•  Led by Henry Clay Folger 1931 – Socony-Vacuum 1933 – Socony Vacuum and Jersey Standard mergedtheir interests in Far Eastinto a 50-50 joint venture 1963 – changed name to ‘Mobil’
  • Rationale/Synergies A reflection of industry forces Three Categories  Near Term Operating Synergies  Capital Productivity Improvements  Technology Synergies
  • Near Term OperatingSynergies Per tax benefits of $3.8 billion Operating Synergies:  Increase in production  Sales and Efficiency  Decreases in unit costs  Combining complementary operations
  • Capital ProductivityImprovements Efficiencies of scale Cost savings Sharing of best management practices Business and Assets were highly complementary
  • Technological Synergies Owned proprietary technologies in the field of:  Deep water and arctic operations  Heavy oils, gas-to-liquids processing  LNG  High Strength Steel  Refining and Chemical Catalyst
  • Regulatory Issues 4-0 Vote in favour by Federal Trade Commission Concerns over areas where these firm directly competed Extensive Restructuring:  Sell 2431 gas stations primarily in northeastern US, California, Texas  Exxon to scrap options to buy Gasoline stations, divest its refinery and its jet turbine oil business and stop selling diesel fuel and gasoline in California under the Exxon name for at least 12 years  Mobil to shed its fee and leased service stations from NY to Virginia, divestiture of joint venture with BP Amco
  • The Merger Pooling of Interest Method Under the merger agreement, an Exxon subsidiary would merge into Mobil so that Mobil becomes a wholly owned subsidiary of Exxon Mobil In the combined entity, Exxon shareholders would hold 70% and Mobil shareholders 30% Holders of Mobil common stock would receive 1.32015 shares of Exxon common stock for each share of Mobil common stock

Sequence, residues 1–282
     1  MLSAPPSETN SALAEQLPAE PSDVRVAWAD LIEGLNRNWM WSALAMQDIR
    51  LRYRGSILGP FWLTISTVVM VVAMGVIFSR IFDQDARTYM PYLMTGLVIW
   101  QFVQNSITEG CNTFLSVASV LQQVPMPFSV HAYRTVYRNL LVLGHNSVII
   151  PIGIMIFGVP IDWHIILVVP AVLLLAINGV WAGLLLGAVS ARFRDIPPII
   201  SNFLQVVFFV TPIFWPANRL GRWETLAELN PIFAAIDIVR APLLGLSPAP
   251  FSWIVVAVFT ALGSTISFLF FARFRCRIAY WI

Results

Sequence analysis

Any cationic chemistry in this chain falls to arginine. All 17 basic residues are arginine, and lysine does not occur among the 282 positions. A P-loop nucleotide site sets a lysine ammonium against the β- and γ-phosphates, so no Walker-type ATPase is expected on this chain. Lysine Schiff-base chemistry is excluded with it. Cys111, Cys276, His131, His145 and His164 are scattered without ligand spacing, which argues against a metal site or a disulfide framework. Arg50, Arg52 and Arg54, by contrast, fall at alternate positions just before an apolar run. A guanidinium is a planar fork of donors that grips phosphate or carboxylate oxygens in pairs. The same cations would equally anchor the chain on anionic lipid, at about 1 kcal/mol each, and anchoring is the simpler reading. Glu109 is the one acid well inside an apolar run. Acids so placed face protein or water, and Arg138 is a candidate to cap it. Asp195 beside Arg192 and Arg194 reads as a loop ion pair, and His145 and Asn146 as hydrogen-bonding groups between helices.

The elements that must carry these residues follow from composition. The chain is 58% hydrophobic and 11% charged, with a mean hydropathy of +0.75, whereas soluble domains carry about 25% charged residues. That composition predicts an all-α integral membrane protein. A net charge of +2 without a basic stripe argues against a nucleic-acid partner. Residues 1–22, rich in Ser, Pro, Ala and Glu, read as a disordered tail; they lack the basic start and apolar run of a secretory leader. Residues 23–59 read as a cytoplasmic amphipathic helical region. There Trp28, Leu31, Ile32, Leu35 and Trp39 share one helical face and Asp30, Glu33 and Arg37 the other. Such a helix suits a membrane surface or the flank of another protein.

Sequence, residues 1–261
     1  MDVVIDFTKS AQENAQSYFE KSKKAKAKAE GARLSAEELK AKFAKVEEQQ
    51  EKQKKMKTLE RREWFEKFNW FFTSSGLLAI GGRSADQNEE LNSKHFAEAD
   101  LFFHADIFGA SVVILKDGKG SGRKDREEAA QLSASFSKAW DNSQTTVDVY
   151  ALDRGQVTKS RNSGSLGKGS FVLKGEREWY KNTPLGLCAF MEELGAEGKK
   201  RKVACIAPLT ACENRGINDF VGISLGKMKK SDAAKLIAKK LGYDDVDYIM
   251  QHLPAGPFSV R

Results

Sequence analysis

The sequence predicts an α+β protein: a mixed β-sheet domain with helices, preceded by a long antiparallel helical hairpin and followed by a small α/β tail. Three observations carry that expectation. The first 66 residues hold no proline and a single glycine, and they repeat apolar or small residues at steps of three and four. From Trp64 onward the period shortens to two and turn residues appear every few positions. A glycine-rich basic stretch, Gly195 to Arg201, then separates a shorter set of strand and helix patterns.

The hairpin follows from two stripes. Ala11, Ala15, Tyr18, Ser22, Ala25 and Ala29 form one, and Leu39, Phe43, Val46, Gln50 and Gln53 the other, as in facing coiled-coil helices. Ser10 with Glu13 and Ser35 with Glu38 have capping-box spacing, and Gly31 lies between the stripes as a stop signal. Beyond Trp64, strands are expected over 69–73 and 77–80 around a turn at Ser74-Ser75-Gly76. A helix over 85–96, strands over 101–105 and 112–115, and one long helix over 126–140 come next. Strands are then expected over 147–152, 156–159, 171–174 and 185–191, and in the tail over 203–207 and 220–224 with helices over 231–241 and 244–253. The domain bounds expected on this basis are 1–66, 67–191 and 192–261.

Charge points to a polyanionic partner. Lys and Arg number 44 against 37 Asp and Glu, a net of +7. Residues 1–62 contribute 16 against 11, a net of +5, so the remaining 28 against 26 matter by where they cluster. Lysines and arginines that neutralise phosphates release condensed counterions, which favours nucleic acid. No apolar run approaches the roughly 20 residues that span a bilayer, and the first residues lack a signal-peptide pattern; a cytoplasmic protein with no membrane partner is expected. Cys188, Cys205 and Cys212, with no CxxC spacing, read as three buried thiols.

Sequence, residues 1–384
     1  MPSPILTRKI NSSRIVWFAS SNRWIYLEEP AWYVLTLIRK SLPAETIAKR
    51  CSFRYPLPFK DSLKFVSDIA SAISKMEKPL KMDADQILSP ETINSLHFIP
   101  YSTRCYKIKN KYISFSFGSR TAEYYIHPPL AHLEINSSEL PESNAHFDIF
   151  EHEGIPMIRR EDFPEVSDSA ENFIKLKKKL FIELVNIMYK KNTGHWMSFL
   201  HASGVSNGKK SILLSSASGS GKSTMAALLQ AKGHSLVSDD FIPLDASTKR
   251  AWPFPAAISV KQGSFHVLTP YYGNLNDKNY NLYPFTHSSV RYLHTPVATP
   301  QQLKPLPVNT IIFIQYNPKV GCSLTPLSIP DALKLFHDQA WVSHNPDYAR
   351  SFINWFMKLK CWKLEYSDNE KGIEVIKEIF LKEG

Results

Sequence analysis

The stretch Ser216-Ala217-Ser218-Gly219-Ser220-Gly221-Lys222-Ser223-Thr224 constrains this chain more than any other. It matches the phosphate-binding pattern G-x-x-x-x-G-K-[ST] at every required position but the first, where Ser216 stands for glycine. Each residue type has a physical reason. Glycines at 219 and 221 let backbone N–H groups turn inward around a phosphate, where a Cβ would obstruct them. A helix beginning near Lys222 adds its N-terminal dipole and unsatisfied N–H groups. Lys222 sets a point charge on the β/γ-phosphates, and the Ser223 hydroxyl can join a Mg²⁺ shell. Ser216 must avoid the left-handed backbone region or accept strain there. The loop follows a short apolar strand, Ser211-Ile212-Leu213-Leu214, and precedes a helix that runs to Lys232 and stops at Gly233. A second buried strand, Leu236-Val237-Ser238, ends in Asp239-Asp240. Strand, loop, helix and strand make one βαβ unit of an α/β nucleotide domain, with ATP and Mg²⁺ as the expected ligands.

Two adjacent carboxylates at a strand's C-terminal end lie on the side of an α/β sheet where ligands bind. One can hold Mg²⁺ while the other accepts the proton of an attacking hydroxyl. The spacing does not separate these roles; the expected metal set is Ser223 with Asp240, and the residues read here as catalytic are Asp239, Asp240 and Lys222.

• Valuation
  •  Since Exxons market capitalization was significantly larger than Mobils, Exxons shareholders would have enjoyed a greater proportion of the value creation if no premium were paid by Exxon in the merger. By offering a premium to Mobils shareholders, this potential value creation was instead shared in approximately equal proportions between the companies shareholders and such sharing was deemed to be a reasonable allocation of value creation. J.P. Morgans analysis showed that for transactions involving smaller companies with a relative market capitalization comparable to that of Mobil pre-announcement, a premium of 15% to 25% matched market precedent. In comparison, BP paid 35% premium for Amoco.
  • Market Reaction Positively assessed the merger as economically sound and value creating 20 day Cumulative Abnormal Returns – Exxon – 1.07%, Mobil – 14%
  • Sources of Information http://ec.europa.eu/competition/mergers/cas es/decisions/m1383_en.pdf "Exxon Mobil Joint Proxy statement in S-4 SEC Filing (Apr 5, 1999)“ "FTC File No. 9910077, November 30, 1998“ Crow, P (October 1999). "Exxon-Mobil merger wins approval in EU". Oil & Gas Journal 97 (43): 24.
  • THANK YOU